?&gt;
&lt;div style="background-color:black; color:white; border-color:#ADD6FF; border-style:ridge; border-width:5px; padding: 10px 10px"&gt;
&lt;?php
echo "&lt;pre&gt;$output&lt;/pre&gt;";
?&gt;
&lt;/div&gt;
 
&lt;/body&gt;
&lt;/html&gt;

The HEX file is put in a temporary directory by Arduino when you compile. On Windows its in C:\Users\username\AppData\Local\Temp\build1234long_number6789.tmp

8 Comments

  1. Awesome, was looking for a way to do this for my project too.

    Thanks!

  2. Elco,
    My router isn’t seeing my arduino… any ideas? I’ve got it hooked up to a USB-powered four port hub. The memory stick is in one of the ports and the arduino is in another. When I SSH into the router and type dmesg | grep -i usb I get a bunch of stuff… some stating it’s found the hub, and it initializes a “Mass storage device” (the memory stick probably), but nothing for the arduino or assigning it to something I can access later. Thanks for your help,

    Matt

    • Hi Matt,
      It’s been a while since I have installed it myself. Did you install the drivers as instructed in this article?
      http://www.elcojacobs.com/installing-dd-wrt-and-optware-on-the-asus-wl-520gu/
      You could also try OpenWRT. The stability of DD-WRT has been disappointing. When I get my raspberry pi I will get rid of the router altogether.

      This is my dmesg | grep -i usb output:


      usb.c: registered new driver usbdevfs
      usb.c: registered new driver hub
      USB20H fcr: 0x64
      USB20H shim cr: 0x8f7
      USB20H syn01 register : 0xfe00fe
      USB20H syn03 register : 0x1
      usb.c: new USB bus registered, assigned bus number 1
      ehci_hcd 00:03.1: USB 0.0 enabled, EHCI 1.00, driver 2003-Dec-29/2.4
      hub.c: USB hub found
      usb-uhci.c: $Revision: 1.275 $ time 15:10:54 May 17 2011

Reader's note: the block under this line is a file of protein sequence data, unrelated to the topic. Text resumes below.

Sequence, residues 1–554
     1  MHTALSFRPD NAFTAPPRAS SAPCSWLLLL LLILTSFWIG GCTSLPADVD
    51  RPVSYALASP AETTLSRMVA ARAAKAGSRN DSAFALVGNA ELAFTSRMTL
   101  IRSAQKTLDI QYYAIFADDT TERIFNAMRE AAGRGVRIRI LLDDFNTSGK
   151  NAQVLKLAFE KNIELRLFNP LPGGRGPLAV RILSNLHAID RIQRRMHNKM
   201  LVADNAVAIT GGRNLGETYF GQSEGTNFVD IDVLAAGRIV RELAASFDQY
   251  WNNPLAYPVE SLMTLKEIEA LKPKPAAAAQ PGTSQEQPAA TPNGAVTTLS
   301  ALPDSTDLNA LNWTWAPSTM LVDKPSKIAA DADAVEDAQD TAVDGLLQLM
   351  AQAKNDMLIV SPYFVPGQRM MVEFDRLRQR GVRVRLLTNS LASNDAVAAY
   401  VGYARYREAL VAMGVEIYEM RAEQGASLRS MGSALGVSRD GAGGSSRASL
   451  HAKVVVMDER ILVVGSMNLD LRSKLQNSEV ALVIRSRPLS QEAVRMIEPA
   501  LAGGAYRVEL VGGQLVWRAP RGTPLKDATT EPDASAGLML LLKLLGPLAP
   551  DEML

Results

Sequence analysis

usb-uhci.c: High bandwidth mode enabled
      usb-uhci.c: v1.275:USB Universal Host Controller Interface driver
      USB20H fcr: 0x64
      USB20H shim cr: 0x8f7
      USB20H syn01 register : 0xfe00fe
      USB20H syn03 register : 0x1
      usb-ohci.c: USB OHCI at membase 0xb8003000, IRQ 6
      usb-ohci.c: usb-00:03.0, PCI device 14e4:471a
      usb.c: new USB bus registered, assigned bus number 2
      hub.c: USB hub found
      hub.c: new USB device 00:03.1-1, assigned address 2
      hub.c: USB hub found
      Initializing USB Mass Storage driver...
      usb.c: registered new driver usb-storage
      USB Mass Storage support registered.
      hub.c: new USB device 00:03.1-1.1, assigned address 3
      scsi0 : SCSI emulation for USB Mass Storage devices
      Vendor: Model: USB DISK 2.0 Rev: PMAP
      WARNING: USB Mass Storage data integrity not assured
      USB Mass Storage device found at 3
      hub.c: new USB device 00:03.1-1.3, assigned address 4
      usb.c: USB device 4 (vend/prod 0x403/0x6001) is not claimed by any active driver.
      usb.c: registered new driver serial
      usbserial.c: USB Serial support registered for Generic
      usbserial.c: USB Serial Driver core v1.4
      usbserial.c: USB Serial support registered for FTDI SIO
      usbserial.c: USB Serial support registered for FTDI 8U232AM Compatible
      usbserial.c: USB Serial support registered for FTDI FT232BM Compatible
      usbserial.c: FTDI FT232BM Compatible converter detected
      usbserial.c: FTDI FT232BM Compatible converter now attached to ttyUSB0 (or usb/tts/0 for devfs)
      usbserial.c: USB Serial support registered for USB-UIRT Infrared Tranceiver
      usbserial.c: USB Serial support registered for Home-Electronics TIRA-1 IR Transceiver
      ftdi_sio.c: v1.3.5:USB FTDI Serial Converters Driver
      usb.c: registered new driver acm
      acm.c: v0.21:USB Abstract Control Model driver for USB modems and ISDN adapters

  3. hi Elco, could you please post a correct link to avrdude.conf? now it seems to be broken. thanks.

    • Thanks for notifying me. It should work now.

  4. Hey, I’ve been following this and your other guide on installing optware onto a wl-520gu router. When I type “make” to make avrdude I get make: *** [config_gram.c] Error 1 I’ve done some basic debugging and it seems as though this file doesn’t exist and fails when its being created. Any ideas? Thanks

    • Config_gram.c seems to be a part of avrdude. It should come with it.
      I don’t recommend using a WL-520 anymore if you are building UberFridge/BrewPi. I am almost ready for my first test run with BrewPi. The Arduino code has improved a lot already and the Python and PHP will improve a lot after the first release. On a Raspberry Pi its as easy as ‘sudo apt-get install arduino-core’.

      • Hey Elco, Thanks for the quick response. The 520 was for another project and I”m just trying to add this functionality to it. The tar.gz file I downloaded contains a config_gram.y but not a .c . maybe I’ll look into a raspberry pi or try your precompiled binaries.